Jerry Jones Can Still Save the Dallas Cowboys Season if He’s Willing To Admit He Made a Major Mistake
Last season, the Dallas Cowboys looked like the class of the NFC East but struggled down the stretch and missed the playoffs. That fate understandably upset Jerry Jones; the owner and general manager finally decided to change coaches, replacing Jason Garrett with Mike McCarthy, in an effort to turn things around. Through the first seven weeks of the 2020 campaign, however, it’s safe to say that things haven’t gone according to plan.
While the Dallas Cowboys have been nothing short of a disaster this season, there’s still hope for Jerry Jones. If he’s willing to bite the bullet and admit that he made a mistake, the campaign could have a silver lining.
The 2020 Dallas Cowboys have been nothing short of a disaster
Coming into the 2020 campaign, the Dallas Cowboys seemed to be in a pretty decent spot; even if things weren’t perfect, Dak Prescott and Ezekiel Elliott should have been enough to give the club a chance in the weak NFC East. In reality, though, things have collapsed in spectacular fashion.
While the Cowboys offense put up plenty of points at the start of the season, their efforts were undone by a historically-terrible defense. Things weren’t great then, but they’ve still managed to get even worse since.
Dak Prescott, of course, suffered a brutal ankle injury; he’s done for the season and, thanks to Jerry Jones’ offseason negotiations, might never play for the Cowboys again. Andy Dalton took over at quarterback but, after suffering a concussion against Washington, could spend some time on the sidelines.
Beyond those unfortunate injuries, the Cowboys have become the stereotypical example of a dysfunctional squad. Anonymous players are complaining about Mike McCarthy; at the same time, the coach seems to be denying that there are any major issues. If things continue at this rate, missing the playoffs will be the least of Jerry Jones’ worries.
Colin Cowherd thinks Jerry Jones needs to step up
When a team is playing as poorly as the Dallas Cowboys, something has to give. Colin Cowherd thinks that he knows exactly what change is necessary: Jerry Jones has to fire Mike McCarthy.
While there’s something to be said for having patience—you can’t fire a coach every time there’s a losing streak—you can see the logic behind Cowherd’s stance. The NFC East may be a terrible division, but the Dallas Cowboys don’t have much to play for; even if Andy Dalton, Ben DiNucci, or someone else leads them to the postseason, Dallas doesn’t have a legitimate shot of going anywhere close to the Super Bowl.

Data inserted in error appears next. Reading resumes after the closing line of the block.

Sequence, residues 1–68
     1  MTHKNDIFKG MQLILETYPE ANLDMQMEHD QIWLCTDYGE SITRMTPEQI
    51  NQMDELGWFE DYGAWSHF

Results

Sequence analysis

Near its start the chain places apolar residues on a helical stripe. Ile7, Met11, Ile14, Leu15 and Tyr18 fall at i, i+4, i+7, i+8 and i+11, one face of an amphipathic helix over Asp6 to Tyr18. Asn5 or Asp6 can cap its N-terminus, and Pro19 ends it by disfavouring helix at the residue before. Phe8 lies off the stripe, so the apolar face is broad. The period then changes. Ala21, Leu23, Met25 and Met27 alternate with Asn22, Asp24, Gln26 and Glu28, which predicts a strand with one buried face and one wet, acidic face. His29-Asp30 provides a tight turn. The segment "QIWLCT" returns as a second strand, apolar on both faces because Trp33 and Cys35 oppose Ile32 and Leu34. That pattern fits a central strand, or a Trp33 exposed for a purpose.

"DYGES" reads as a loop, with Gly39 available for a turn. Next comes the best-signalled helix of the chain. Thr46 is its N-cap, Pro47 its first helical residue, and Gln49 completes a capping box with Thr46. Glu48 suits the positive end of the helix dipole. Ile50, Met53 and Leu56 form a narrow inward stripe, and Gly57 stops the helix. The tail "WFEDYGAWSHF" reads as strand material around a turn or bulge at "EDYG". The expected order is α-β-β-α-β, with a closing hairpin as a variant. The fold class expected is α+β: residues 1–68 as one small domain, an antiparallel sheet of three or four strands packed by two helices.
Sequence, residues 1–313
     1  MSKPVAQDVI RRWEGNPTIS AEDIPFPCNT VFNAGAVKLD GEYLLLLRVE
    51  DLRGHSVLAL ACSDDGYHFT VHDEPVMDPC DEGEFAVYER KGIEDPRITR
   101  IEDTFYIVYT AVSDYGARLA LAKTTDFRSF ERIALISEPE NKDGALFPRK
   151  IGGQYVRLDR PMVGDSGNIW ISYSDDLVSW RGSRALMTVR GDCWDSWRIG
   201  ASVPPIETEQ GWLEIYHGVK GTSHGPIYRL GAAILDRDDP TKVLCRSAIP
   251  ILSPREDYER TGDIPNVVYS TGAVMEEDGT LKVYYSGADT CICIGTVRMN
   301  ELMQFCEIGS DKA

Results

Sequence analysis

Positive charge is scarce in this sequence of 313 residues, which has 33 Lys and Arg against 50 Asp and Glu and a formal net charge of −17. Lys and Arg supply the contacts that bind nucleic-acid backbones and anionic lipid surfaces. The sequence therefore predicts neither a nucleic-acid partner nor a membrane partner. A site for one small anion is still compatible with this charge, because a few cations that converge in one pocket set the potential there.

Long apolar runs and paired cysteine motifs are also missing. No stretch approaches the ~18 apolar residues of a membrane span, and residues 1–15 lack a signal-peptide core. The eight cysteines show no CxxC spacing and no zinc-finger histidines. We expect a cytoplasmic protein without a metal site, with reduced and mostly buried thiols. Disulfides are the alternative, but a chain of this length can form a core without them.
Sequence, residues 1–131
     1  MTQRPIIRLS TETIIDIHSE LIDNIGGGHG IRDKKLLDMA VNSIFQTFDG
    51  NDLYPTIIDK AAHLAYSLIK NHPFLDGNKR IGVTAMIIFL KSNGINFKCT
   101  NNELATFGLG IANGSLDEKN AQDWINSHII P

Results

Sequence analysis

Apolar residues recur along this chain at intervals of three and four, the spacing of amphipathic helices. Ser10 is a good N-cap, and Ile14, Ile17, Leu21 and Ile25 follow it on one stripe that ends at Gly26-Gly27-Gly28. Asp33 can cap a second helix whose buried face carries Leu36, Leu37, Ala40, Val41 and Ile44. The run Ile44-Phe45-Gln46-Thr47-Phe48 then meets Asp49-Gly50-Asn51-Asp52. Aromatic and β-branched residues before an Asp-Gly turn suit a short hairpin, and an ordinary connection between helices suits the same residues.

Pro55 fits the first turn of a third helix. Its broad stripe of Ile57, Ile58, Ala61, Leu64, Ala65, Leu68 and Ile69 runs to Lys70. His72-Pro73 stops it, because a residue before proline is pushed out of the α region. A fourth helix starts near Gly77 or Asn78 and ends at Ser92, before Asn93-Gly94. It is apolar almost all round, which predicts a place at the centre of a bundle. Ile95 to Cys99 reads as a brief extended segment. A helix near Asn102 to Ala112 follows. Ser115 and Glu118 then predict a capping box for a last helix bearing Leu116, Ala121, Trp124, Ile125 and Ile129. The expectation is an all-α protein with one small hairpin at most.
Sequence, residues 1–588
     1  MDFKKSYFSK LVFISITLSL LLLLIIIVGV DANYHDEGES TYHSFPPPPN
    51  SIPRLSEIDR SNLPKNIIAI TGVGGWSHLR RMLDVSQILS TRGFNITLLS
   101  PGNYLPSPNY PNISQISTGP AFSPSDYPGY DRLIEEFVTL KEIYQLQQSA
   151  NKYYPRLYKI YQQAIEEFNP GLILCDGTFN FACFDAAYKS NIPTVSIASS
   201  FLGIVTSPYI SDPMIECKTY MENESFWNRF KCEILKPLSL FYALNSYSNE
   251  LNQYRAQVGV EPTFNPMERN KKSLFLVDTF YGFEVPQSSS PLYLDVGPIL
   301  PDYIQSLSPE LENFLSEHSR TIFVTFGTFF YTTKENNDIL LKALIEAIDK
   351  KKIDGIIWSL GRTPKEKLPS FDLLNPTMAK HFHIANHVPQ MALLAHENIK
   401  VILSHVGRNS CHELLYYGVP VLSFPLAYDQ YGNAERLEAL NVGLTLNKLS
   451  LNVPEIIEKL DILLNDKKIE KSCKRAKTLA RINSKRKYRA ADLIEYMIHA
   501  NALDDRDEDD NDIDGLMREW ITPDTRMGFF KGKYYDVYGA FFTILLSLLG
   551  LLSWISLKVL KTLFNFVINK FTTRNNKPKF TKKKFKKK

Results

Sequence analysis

If that’s the case and you’re ready to write off the season, you need to at least make those losses worthwhile. Whether that means letting young players get experience, changing the coaching staff and letting someone new have a ‘preseason’ before making personnel decision in the spring, or anything else, there’s very little to be gained by going 5-12 and simply trying again next season.
Jerry Jones admitting he made a mistake would change everything for the Dallas Cowboys
If Jerry Jones does decide to bite the bullet and replace Mike McCarthy, that would be enough to give Dallas Cowboys fans everywhere hope. That’s not because of the head coach himself, though; Jones admitting a mistake could signal the end of a major issue in Big D.
While there’s plenty of blame to go around in the Cowboys organization, Jerry Jones has been the one constant. His dual role as both general manager and owner gives him a unique license to make poor decisions; no matter how many mistakes he makes, no one other than Jerry himself can remove him from the role. That’s left the franchise trapped in limbo for years, unable to get back to their glory days of the 1990s.
If Jones were to stand up, admit he made a mistake by hiring Mike McCarthy (or at least allowing Mike McCarthy to bring in defensive coordinator Mike Nolan), that would be a step in the right direction. Although changing coaches would still fall well short of bringing in a proper general manager, it would symbolize somewhat of a new attitude; rightly or wrongly, it can seem like Jones is more concerned with showing how much he knows about football than he is with building the best team possible.
As always, Jerry Jones holds the fate of the Dallas Cowboys in his hands. If recent history is any indication, though, there’s no reason to expect a drastic change anytime soon.